Business Insider just posted an article on the top 25 fintech unicorns, see here. Given that I like fintech and unicorns, I saw it fit to read BI’s prose. Given that many have commented on this article and list on Twitter and Linkedin, I saw it fit to write about it too.
First, some statistics.
– Sector Breakdown: 9 Payments companies (36% of total), 10 are Lending companies (40% of total), 1 is in Insurance (4% of total) and 5 are in Business Services (20% of total). No asset/wealth management, no capital markets and not much in insurance. The fintech revolution has barely started.
– Business Model Breakdown: 13 b2b business models (52% of total) vs 12 b2c business model (48% of total).
– Silly Valley vs rest of world: 9 silly valley based companies (36% of total), 16 from the rest of the world (64% of total). Was expecting less SV as fintech is a global industry. SV still a powerhouse.
- USA vs rest of the world: 12 US companies vs 13 for the rest of the world. Even though the numbers show a tie, make no mistake, there are many more fintech startups founded and operating in Europe and APAC than in the States these days. Had the fintech revolution happened 10 years ago the number of US startups would have been overwhelming. What do you think the breakdown will be 10 years from now?
– Capital Efficiency: I should calculate with revenue numbers but the article only provides valuation and capital raised and as most companies are private I will never be able to get my hands on revenue metrics. So I used valuation/capital raised to get a sense of how efficient each company is/was. Not a perfect efficiency measure and one that can fluctuate widely, but still gives a ball park estimate. Most efficient are Markit and Lufax at +20 each. Chinese companies valuations always make me nervous though. Least efficient is Sofi at 1.7 then come Mozido, Funding Circle, Xero, One97 each at +3.
– B2B vs B2C capital efficiency: At face value there seems to be a tie as there are 6 b2c companies in the bottom half of the capital efficiency ranking and 6 in the top half. However the two b2c companies in the top half are Lufax and Lending Club. I am not to confident about the valuation of a b2c Chinese company both from a macro and micro point of view and last I checked Lending Club took a beating yesterday and today in the stock market. I would be interested in efficiency metrics off of revenue and there I expect b2b companies to outshine their b2c brethren handsomely. Further, the average capital efficiency for the b2b cohort is 10 while it is +8 for the b2c cohort. Throwing out the highest and lowest efficiency ratios for both b2b and b2c cohorts (i just do not trust the Lufax valuation) the b2b average is still higher at 9 while the b2c average clocks at 7.7. Clearly the edge goes to b2b in terms of capital efficiency.
- Total Capital Raised: $7.9 billion in total with $3.8 billion for the b2b cohort and $4.1 billion for the b2c cohort. That is equivalent to $292 million over b2b company and $342 million per b2c company. Consistent with the assumption that cost of acquisition of costumers drives capital needs up for b2c companies vs b2b companies.
- Most and least raised: Transferwise raised the least with $90 million while Sofi raised the most at $766 million. By the way, Sofi has the least capital efficiency ratio while Transferwise ranks in the top third.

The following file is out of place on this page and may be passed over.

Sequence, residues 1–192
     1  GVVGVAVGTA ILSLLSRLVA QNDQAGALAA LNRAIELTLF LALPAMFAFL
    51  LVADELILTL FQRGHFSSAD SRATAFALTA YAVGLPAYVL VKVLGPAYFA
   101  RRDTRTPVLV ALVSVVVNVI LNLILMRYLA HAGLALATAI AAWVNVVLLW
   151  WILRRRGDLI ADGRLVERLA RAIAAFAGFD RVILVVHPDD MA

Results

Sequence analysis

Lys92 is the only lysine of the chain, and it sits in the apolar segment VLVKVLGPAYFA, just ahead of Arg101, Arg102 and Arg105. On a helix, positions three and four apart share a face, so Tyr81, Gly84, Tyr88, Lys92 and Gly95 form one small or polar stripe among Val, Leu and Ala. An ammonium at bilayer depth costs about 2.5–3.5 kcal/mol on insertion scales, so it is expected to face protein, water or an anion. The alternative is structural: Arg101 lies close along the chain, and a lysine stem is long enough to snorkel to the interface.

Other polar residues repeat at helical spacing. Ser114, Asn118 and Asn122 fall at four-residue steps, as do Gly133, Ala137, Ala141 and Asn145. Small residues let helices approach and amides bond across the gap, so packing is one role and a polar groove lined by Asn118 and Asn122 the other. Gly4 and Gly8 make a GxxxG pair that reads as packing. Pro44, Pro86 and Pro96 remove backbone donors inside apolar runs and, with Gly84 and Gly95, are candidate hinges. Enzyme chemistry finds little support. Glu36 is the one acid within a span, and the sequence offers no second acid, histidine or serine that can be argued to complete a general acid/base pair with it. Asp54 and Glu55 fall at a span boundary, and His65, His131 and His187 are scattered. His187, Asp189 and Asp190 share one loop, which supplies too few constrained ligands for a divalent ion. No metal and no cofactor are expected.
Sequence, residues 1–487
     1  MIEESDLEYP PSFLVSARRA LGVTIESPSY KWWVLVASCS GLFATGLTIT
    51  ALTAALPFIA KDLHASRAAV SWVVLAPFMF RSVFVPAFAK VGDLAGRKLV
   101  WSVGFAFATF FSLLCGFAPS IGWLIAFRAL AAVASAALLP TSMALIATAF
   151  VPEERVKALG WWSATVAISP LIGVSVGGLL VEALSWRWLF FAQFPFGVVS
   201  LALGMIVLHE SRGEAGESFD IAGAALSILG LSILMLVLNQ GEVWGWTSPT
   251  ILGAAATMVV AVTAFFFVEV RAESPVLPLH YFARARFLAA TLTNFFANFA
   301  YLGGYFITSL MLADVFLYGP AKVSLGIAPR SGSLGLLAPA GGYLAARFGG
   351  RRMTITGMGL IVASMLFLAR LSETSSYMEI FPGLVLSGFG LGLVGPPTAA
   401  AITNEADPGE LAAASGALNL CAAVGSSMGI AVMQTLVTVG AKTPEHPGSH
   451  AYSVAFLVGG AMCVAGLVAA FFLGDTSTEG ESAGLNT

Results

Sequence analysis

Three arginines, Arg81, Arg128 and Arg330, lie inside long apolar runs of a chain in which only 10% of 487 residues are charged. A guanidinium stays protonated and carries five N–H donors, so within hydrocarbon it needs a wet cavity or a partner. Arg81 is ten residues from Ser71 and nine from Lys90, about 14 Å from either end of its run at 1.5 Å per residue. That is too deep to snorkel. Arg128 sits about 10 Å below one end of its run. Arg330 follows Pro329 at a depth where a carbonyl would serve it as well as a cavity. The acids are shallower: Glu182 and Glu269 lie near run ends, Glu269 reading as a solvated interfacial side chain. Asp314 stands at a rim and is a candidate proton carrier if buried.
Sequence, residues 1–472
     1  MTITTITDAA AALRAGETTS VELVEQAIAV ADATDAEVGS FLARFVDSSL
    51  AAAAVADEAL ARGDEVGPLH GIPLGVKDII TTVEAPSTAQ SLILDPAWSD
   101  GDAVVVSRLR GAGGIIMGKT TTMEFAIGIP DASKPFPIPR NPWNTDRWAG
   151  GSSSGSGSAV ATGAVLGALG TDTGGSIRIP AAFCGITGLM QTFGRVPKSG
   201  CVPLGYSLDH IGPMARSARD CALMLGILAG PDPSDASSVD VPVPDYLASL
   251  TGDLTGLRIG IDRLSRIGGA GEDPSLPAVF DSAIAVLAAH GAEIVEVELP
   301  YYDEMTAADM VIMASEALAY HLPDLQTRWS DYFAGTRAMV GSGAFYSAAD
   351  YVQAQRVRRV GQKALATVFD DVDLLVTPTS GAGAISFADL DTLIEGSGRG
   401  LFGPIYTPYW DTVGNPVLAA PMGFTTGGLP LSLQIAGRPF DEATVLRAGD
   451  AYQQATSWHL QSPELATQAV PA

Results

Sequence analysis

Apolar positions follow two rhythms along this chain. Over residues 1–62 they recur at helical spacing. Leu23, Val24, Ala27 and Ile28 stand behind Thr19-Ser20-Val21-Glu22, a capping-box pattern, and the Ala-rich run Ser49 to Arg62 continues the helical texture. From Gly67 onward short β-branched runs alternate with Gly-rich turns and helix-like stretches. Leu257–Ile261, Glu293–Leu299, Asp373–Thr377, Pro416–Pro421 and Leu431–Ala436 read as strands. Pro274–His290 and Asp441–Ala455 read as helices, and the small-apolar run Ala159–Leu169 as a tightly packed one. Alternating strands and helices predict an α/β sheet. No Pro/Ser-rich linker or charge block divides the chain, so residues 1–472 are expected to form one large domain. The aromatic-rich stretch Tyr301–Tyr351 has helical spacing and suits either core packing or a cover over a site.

- Youngest and Oldest: Oscar is the youngest, founded in 2013. One97 is the oldest, founded in 2000. On average the b2c cohort is younger than the b2b cohort.
- Aging: 14 companies were founded prior to 2010. Of these only 4 were b2c models. 11 were founded on or after 2010 and 8 of these were b2c models. Interesting fact actually. Does this mean that as fintech took off, investors were more attracted to b2c models? The companies that were founded prior to 2010 raised a total of $4.6 billion or $329 million per company. The companies that were founded in 2010 of after raised $3.2 billion or $291 million per company. The young ones still have time to catch up I guess.
Second, my own preferences.
- B2B: Suspending disbelief, I would have invested in up to 7 out of the 13 b2b companies. More importantly, apart from 1 out of 13, I did not have the opportunity to invest in any. I started investing with Route 66 Ventures in late 2013 and most of these companies were already well on their way.
- B2C: Suspending disbelieve again, I would have invested in 2 out of the 12 b2c companies. We had the opportunity to invest in 5 out of 12 at Route 66 and we declined to pursue all.
(I guess this makes me more of a b2b fintech investor?)
- Deep seated fears: Deathly afraid of consumer leading marketplace lenders. I believe it to be a risky bet with an uncertain future ahead – interest rate risk, liquidity risk, regulatory risk, macro economic risk, way too many risks for me to be comfortable with. Even more deathly afraid of any type of lending in China. I am sure investors made handsome returns on Lending Club, Prosper, One97, Qufenqi, Jimubox, Lufax, Sofi, Commonbond but I would not have taken these bets at the time, nor would I now.
- Ambivalent feelings: All things payments. Payments is such a difficult eco-system to crack. With hindsight, sure, everything is easy. Would I have invested in Square or iZettle for example? I wish I could say that with certainty.
- Investor Envy: Without hesitation I would have invested in Markit, Funding Circle, Adyen, FinancialForce, Credit Karma and Zenefits. Easy to call it after the fact. The combination of great management team, perfect tailwinds, right timing, fantastic business model can be found with each of these fintech unicorns. Truly, I am certain I would have invested had I had the opportunity.
- Super Mega Investor Envy: Goodness, please rewind time so I can invest in Oscar, Klarna and Stripe.
What does the BI top 25 list inspire in you? Any points I missed?